Omnibus Crime Control and Safe Streets Act of 1968

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The Omnibus Crime Control and Safe Streets Act of 1968 (Pub.L. 90–351, 82 Stat. 197, enacted June 19, 1968, codified at 42 U.S.C. § 3711) was legislation passed by the Congress of the United States and signed into law by President Lyndon B. Johnson that established the Law Enforcement Assistance Administration (LEAA). Title III of the Act set rules for obtaining wiretap orders in the United States. It had been started shortly after November 22, 1963 when evidence in the assassination of President John F. Kennedy increased public alertness to the relative lack of control over the sale and possession of guns in the United States.

Grants[edit]

The LEAA, which was superseded by the Office of Justice Programs, provided federal grant funding for criminology and criminal justice research, much of which focused on social aspects of crime.[1] Research grants were also provided to develop alternative sanctions for punishment of young offenders. Block grants were provided to the states, with $100 million in funding.[2] Within that amount, $50 million was earmarked for assistance to local law enforcement agencies, which included funds to deal with riot control and organized crime.[2]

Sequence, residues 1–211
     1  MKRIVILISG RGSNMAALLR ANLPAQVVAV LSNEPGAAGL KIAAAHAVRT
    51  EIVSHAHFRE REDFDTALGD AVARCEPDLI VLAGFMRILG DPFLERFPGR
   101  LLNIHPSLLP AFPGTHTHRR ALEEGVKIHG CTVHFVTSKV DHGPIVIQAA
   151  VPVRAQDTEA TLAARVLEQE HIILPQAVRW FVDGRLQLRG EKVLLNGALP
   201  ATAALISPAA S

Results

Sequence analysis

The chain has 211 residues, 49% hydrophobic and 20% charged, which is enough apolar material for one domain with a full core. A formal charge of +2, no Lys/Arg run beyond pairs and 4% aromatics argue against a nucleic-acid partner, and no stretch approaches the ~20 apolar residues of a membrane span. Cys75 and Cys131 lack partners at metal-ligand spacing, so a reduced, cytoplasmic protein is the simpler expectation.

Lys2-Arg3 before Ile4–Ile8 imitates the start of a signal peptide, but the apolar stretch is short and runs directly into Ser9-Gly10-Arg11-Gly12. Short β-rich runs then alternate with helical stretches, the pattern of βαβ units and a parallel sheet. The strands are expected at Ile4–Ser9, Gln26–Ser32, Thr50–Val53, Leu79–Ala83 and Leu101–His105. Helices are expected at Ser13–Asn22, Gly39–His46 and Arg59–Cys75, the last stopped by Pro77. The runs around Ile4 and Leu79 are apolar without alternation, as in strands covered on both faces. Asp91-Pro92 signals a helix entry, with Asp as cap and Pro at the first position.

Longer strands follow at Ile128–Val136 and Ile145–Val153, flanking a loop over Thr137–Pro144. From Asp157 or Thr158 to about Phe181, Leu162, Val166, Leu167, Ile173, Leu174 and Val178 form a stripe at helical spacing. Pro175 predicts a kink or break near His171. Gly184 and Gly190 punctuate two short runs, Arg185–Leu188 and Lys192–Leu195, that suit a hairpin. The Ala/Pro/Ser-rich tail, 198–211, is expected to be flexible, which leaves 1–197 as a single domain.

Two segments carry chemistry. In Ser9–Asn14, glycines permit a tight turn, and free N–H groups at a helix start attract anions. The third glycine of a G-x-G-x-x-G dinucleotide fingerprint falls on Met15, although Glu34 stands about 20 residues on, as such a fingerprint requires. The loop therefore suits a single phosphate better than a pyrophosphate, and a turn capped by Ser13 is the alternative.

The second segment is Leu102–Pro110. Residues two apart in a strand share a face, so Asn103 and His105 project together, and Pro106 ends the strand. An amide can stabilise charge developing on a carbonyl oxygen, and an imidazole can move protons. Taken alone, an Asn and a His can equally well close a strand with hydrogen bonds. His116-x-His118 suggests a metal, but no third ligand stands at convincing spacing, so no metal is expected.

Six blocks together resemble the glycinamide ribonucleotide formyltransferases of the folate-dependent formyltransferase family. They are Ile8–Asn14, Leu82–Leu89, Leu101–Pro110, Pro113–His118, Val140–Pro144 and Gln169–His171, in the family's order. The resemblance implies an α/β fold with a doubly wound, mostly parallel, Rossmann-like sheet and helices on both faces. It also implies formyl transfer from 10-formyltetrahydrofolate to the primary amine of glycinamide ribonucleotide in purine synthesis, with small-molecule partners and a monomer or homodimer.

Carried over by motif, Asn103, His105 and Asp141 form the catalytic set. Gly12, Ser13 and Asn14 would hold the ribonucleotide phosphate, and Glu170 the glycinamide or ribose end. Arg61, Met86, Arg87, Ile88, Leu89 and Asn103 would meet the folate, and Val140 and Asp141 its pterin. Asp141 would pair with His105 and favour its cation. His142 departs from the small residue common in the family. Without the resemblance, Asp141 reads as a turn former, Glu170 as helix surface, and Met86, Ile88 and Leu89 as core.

Handguns[edit]

The Omnibus Crime Bill also prohibited interstate trade in handguns, increased the minimum age to 21 for buying handguns. This legislation was soon followed by the Gun Control Act of 1968, which set forth additional gun control restrictions.

Wiretaps[edit]

It was passed in part as a response to the Supreme Court decisions Berger v. New York, 388 U.S. 41 (1967) and Katz v. United States, 389 U.S. 347 (1967), which the Church Committee Report on the FBI's COINTELPRO program described as holding "that the Fourth Amendment did apply to searches and seizures of conversations and protected all conversations of an individual as to which he had a reasonable expectation of privacy".

Section 2511(3) specifies that nothing in this act or the Federal Communications Act of 1934 shall limit the constitutional power of the President "to take such measures as he deems necessary ":